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  • An Exxon convenience store and gas station lost its alcoholic beverage license after allowing second underage sale in two years. We sued the city in federal court, alleging various theories including First Amendment retaliation and equal protection violations. The case settled with a six-figure payment to our client and the return of its alcohol license.
  • A tobacco and adult-novelty store was ordered to stop selling sexual devices in violation of Georgia’s obscenity statute: O.C.G.A. § 16-12-80. We sued the county in federal court, which declared the state statute unconstitutional in its entirety. Our client obtained a six-figure settlement. Georgia is now one of only two states (Oregon being the other) without a valid obscenity statute.
  • A group of adult nightclubs was ordered to stop selling alcoholic beverages (or offering adult entertainment) after the county adopted ordinances to prohibit the combination of alcohol consumption and nude dancing. We sued the county in federal court and won an appeal declaring the county’s ordinance unconstitutional for violating the First Amendment. On the strength of this case we represented a group of DeKalb County strip clubs facing the same type of ordinance and reached settlement allowing those clubs to operate with alcohol and nudity.
  • A national restaurant chain was overrun with legal bills and poor results from its Atlanta-based, large law firm. The restaurant hired us. Ever since we have delivered flat-fee services and excellent results, handling all manner of business disputes (e.g., garnishments, leases, alcohol-code violations) and securing all alcoholic beverage licenses for the rapidly growing chain.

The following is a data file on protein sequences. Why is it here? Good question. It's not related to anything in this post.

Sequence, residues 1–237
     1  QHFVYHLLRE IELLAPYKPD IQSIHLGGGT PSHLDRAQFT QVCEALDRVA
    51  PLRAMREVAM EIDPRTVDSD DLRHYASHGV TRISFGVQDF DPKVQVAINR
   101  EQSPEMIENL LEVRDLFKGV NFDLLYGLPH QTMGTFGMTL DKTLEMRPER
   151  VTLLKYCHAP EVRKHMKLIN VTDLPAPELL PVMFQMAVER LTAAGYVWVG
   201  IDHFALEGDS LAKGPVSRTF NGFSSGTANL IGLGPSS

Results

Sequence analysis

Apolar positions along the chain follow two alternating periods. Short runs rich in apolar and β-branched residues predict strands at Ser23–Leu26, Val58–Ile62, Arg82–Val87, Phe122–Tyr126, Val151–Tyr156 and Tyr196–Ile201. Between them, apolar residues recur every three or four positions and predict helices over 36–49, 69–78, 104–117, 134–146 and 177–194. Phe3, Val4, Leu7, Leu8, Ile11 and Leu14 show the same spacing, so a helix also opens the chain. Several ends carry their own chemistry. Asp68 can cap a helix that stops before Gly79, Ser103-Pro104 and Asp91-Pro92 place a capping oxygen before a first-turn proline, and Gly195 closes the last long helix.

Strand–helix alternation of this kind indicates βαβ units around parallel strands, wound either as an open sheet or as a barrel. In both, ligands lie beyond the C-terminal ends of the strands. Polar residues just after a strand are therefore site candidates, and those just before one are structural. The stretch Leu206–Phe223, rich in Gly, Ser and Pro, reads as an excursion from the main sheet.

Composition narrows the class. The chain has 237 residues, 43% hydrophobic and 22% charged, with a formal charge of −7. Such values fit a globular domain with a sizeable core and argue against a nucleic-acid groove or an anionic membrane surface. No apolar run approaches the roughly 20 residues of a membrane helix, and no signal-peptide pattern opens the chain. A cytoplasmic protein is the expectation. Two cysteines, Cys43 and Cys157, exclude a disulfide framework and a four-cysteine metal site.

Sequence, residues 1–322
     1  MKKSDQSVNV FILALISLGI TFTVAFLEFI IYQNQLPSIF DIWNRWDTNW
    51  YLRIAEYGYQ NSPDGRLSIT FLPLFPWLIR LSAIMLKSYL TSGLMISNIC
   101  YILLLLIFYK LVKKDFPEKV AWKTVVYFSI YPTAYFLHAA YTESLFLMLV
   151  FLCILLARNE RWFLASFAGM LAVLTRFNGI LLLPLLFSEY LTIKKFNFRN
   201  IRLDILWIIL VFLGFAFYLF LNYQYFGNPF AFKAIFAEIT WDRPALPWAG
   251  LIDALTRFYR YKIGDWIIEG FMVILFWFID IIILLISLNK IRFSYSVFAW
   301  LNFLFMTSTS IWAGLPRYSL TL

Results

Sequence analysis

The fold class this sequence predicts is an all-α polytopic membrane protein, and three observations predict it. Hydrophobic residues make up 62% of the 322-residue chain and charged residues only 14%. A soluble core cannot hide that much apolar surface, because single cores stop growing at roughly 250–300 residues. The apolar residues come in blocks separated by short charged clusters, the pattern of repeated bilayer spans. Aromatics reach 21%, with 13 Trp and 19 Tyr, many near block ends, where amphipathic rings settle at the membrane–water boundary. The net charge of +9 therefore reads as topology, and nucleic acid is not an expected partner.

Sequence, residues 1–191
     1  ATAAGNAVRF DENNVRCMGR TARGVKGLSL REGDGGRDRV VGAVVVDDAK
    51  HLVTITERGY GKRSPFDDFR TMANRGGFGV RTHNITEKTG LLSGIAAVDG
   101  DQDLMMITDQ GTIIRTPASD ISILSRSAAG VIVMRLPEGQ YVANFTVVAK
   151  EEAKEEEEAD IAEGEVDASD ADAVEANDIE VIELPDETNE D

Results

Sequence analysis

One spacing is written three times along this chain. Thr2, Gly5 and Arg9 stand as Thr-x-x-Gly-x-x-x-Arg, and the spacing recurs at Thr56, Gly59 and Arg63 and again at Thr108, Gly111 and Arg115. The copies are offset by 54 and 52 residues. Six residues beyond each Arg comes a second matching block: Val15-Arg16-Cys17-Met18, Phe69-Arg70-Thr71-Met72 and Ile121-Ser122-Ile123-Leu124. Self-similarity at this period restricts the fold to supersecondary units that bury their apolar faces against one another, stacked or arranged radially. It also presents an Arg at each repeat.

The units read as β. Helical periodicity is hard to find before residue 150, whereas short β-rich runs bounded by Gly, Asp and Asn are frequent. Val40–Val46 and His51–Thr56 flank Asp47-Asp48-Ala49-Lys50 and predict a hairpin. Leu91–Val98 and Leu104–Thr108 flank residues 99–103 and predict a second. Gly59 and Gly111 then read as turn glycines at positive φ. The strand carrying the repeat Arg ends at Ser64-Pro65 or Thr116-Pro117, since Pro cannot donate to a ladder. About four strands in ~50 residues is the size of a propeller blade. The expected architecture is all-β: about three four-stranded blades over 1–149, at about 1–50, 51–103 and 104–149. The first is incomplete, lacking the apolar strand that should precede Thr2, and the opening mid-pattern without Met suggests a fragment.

• A bounty hunter was prosecuted by the State of Georgia for kicking down a door to apprehend a bail jumper. We represented the bounty hunter against charges of trespass and operating without the proper professional bondsman license. We moved to dismiss the accusation and the Georgia Supreme Court agreed with us, holding that the county’s failure to maintain a system for the registration of individual agents precluded a successful prosecution of our client for violating § 17-6-58(a). It also held that our client could not be held vicariously liable for the bondsman’s alleged failure to register our client in violation of O.C.G.A. § 17-6-56(c), adding that the State’s application of the statute violated a constitutional right against criminal enforcement of vague laws.
  • The City of Atlanta revoked an adult nightclub’s alcohol license for, among other reasons, failing to supervise the premises. (Violent crimes had occurred on and near the premises.) We sued the City of Atlanta and got the club’s alcohol license back and saved the $2 million business. But this is not the only time that we saved an Atlanta nightclub’s alcoholic beverage license. Three premier adult nightclubs were targeted for license revocation by the City of Atlanta in the 2000s — we sued and saved each club’s license and thus millions of dollars.
  • The City of Atlanta arrested a group of restaurant and nightclub managers for serving alcohol in businesses that did not possess alcoholic beverage licenses. We defended the managers. The Georgia Court of Appeals agreed with us and overturned the convictions, noting there was no evidence the managers themselves were selling alcohol. It also observed that “vicarious criminal liability violates due process” and so the managers cannot be liable for the bartenders’ actions.
  • An Atlanta adult nightclub was burned down by arson. We sued the arsonist and obtained a $6 million jury verdict, even though the loss was valued at $1 million. Our client continues to collect on this judgment to this day.
  • An Atlanta-area restaurant caught fire, suffering major damage from both smoke and water. The insurance company denied coverage based on a failure to renew the policy. We sued the insurance company for bad-faith denial and obtained a six-figure settlement.
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